French authorities have banned a couple from naming their newborn son ‘Amber’ due to fears that the child may become confused by his gender in the future.
The new parents from the Morbihan department of Brittany welcomed their child in January but when they went to register his birth, the registrar reported them to a prosecutor in Lorient.
It was soon decided that the name – which translates to ‘Ambres’ in French – would end up “confusing the child in a way that could be harmful”.
The parents later appeared in a family court where the judge ruled that it is necessary to make them change their child’s name. But the prosecutor appealed against them and now, their son’s moniker will not be decided until next April when the case returns to court.
The baby’s mothers believe that the ruling against them is an act of homophobia, as one of the women, Alice Gondelle, said: “It allows ridiculous first names like ‘Clitorine’. I wonder why it is that with a name as classic and ancient (as ‘Ambre’) can’t get through and it is the state that is attacking us in the courts?”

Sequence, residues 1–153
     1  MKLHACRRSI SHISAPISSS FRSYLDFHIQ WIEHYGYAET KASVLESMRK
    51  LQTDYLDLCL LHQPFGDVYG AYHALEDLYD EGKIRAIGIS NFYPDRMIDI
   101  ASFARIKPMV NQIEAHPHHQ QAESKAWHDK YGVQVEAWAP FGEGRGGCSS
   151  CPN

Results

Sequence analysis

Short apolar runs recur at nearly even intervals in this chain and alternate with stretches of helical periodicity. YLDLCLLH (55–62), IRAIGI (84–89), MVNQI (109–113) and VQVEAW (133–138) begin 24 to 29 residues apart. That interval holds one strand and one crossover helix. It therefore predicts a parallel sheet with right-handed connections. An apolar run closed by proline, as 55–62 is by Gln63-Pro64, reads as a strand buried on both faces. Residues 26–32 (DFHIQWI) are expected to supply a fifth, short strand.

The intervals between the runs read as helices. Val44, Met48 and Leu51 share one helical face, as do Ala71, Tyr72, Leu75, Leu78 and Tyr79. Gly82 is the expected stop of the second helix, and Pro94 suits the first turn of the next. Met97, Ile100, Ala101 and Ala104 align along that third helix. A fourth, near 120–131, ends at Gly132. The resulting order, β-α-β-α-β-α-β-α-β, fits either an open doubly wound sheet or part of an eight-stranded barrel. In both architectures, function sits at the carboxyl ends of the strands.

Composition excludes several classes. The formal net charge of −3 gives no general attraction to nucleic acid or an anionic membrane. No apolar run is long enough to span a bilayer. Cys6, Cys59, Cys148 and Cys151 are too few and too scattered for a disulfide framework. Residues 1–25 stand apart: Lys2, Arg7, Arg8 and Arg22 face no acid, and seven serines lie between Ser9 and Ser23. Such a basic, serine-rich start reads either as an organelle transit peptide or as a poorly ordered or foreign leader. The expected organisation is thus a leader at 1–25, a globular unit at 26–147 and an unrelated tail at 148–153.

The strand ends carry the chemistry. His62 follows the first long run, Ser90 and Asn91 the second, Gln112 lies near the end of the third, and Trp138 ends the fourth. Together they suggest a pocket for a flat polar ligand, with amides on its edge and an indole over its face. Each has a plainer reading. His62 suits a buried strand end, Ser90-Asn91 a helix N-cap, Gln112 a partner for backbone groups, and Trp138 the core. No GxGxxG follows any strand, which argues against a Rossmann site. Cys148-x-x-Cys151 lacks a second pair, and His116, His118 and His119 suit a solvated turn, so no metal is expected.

The moniker is a popular girl’s name in the US but its French equivalent, ‘Ambres’, is relatively rare. Though Gondelle pointed out in her Facebook post that she knows of 37 male ‘Ambres’ who live in France.
Though it’s not the first time the French authorities have refused to allow parents to register certain names. Back in 2011, a court ruled against one couple naming their child ‘Daemon’ after the character of Damon in ‘The Vampire Diaries’ due to its connotations with the devil.
Fast forward three years later and another couple were not permitted to name their daughter ‘Nutella’ through fears it “might lead to mockery and unpleasant remarks”.
The decision often falls back on Article 57 of France’s Civil Code, which states: “when a name, or a combination of names, is considered contrary to the interests of the child, the civic officer shall promptly notify the prosecutor, who may refer the matter to the Family Court”.
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